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Wednesday, 16 November 2011

Reviews: Disturbed, Electric Mary, Furyon

Disturbed: Lost Children

An album of B-sides from Disturbed would fill many with fear as tracks that are purposefully left off an album have been left off for a reason. However this doesn't seem like an album of B-sides but just another Disturbed album, yes you can hear the differences between their earlier material and their newer stuff but then there is not a huge void between the two. The album features the bass-heavy riffing, the intricate guitar playing of Dan Donegan and the machine-gun vocal delivery of David Draiman. The album also features one unreleased songs and two covers in the shape of Faith No More's Midlife Crisis and Judas Priest's Living After Midnight. This like all of their albums is a solid release that doesn't do anything new but yet doesn't need to, like with all Disturbed tracks if you've heard Down With The Sickness you know what you’re going to get but for fans and completists this is definite buy. 7/10

Electric Mary: III (Listenable)

These Aussie retro rockers return with their third full length (as if the title didn't give it away!) again the band play fuzzed up, heavy riffing hard rock in the vein of Lizzy or AC/DC with some Zeppelin thrown in as well. The album opens up with the propulsive O.I.C which sets the tone with its bluesy but heavy vibe, unlike their previous album this album does shake the sound up a little with both Stained and Long Time Coming having a very Soundgarden vibe which is mainly due to frontman Rusty Brown's voice having a Cornell-like rasp. This album is well played classic rock that is exciting and blood-pumping, they are not treading any new ground but it is still great stuff. 8/10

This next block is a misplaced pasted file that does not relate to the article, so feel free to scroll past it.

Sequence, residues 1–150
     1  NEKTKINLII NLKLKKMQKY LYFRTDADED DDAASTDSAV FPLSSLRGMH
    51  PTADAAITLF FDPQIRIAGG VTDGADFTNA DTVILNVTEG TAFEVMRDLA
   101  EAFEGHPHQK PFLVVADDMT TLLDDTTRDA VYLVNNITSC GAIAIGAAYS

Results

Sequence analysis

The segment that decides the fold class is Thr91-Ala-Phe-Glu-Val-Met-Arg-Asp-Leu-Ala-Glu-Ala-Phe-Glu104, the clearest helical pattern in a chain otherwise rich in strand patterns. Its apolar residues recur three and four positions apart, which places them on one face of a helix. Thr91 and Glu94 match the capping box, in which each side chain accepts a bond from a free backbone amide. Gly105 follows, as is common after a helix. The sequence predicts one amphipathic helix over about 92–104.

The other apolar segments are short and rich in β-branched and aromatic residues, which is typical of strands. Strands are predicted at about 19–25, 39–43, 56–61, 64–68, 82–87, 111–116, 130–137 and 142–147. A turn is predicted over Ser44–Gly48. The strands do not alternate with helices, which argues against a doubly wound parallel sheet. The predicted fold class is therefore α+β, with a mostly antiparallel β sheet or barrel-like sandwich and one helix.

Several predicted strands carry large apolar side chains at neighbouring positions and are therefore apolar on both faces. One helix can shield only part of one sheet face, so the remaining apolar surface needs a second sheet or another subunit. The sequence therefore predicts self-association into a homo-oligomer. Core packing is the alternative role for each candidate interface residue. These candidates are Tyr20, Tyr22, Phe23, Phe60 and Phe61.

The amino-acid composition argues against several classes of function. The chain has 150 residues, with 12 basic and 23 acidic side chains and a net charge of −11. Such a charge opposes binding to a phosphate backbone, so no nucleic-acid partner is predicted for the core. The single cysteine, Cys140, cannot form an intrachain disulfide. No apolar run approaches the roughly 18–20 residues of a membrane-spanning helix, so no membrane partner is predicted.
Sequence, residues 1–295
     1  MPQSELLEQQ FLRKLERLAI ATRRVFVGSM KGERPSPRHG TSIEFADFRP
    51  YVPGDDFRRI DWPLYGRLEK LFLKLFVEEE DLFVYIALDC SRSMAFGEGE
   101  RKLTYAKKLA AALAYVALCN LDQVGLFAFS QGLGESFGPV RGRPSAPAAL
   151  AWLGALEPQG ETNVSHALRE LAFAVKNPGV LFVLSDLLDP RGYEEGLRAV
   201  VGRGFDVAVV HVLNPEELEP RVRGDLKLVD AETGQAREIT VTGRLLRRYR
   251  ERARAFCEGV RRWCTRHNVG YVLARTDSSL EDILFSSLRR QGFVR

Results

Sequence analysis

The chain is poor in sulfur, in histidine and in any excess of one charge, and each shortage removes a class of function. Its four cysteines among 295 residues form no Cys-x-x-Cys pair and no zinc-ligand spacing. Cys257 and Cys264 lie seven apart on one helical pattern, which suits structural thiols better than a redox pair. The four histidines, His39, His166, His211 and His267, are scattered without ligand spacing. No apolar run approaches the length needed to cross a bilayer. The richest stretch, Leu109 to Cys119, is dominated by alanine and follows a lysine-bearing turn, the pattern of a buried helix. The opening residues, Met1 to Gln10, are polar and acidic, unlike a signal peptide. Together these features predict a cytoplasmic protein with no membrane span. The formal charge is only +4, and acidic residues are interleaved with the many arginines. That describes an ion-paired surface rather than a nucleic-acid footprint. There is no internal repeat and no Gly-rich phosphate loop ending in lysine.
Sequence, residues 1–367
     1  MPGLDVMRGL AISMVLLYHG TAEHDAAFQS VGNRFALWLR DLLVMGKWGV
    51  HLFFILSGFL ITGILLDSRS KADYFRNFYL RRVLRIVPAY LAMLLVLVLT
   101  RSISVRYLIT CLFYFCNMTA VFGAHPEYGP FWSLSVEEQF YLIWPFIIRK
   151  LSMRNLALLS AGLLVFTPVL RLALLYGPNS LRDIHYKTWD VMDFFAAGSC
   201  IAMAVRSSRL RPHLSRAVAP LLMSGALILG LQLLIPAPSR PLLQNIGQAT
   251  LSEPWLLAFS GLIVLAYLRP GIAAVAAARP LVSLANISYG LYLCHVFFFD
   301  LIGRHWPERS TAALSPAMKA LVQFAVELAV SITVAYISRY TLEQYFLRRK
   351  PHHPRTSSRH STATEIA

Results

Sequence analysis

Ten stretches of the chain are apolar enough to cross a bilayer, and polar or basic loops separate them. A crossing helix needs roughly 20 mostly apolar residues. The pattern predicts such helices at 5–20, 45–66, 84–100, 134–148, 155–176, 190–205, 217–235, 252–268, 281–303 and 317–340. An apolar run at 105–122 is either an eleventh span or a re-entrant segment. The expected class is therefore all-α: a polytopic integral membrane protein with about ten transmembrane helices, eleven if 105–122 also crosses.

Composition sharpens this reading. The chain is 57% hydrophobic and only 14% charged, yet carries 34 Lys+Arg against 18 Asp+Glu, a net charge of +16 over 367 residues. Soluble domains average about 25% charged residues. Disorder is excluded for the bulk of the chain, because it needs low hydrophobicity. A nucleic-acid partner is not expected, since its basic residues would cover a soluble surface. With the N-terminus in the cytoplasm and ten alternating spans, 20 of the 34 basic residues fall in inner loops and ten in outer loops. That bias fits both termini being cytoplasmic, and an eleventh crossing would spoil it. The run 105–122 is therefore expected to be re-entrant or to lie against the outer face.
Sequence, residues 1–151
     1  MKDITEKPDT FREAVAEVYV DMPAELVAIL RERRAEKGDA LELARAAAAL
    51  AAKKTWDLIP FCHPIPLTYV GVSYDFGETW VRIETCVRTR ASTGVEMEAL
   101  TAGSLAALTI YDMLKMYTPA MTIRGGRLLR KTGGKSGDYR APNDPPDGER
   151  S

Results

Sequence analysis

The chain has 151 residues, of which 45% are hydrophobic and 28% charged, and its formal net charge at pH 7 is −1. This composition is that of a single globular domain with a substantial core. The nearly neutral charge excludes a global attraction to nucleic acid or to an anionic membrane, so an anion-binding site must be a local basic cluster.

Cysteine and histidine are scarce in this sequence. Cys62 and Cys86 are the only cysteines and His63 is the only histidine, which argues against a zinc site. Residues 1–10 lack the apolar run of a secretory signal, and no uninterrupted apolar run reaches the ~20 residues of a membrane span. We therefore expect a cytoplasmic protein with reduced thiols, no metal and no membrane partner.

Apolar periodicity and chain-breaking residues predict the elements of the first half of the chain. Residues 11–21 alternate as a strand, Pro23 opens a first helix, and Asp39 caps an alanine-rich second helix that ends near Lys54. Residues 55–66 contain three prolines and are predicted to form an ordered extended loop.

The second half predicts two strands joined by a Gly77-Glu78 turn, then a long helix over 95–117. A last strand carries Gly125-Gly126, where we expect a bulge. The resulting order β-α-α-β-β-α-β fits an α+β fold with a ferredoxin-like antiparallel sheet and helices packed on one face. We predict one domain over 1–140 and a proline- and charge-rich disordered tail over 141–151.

Furyon: Gravitas (Monster Energy)

Modern heavy metal band Furyon hail from Brighton and mix Southern style rock, heavy metal with some progressive rock thrown in for good measure. The album is produced by Rick Beato who has produced albums by Fozzy and Shinedown and brings a very modern touch to the proceedings. Pat Heath and Chris Green's guitars are brilliant with the dual leads tight and the soloing melodic. The majority of the songs are heavy riffing anthems with empowered vocals by Matt Mitchell, the band are a mix of Black Label Society with pinched harmonics and heavy riffing present on most tracks and they also have elements of Alice In Chains especially on the fourth track Don't Follow with Mitchell's voice and the riff itself coming straight out of AIC territory. A good album made even better by the fact that it's free with this month's Metal Hammer (December 2011). 8/10 

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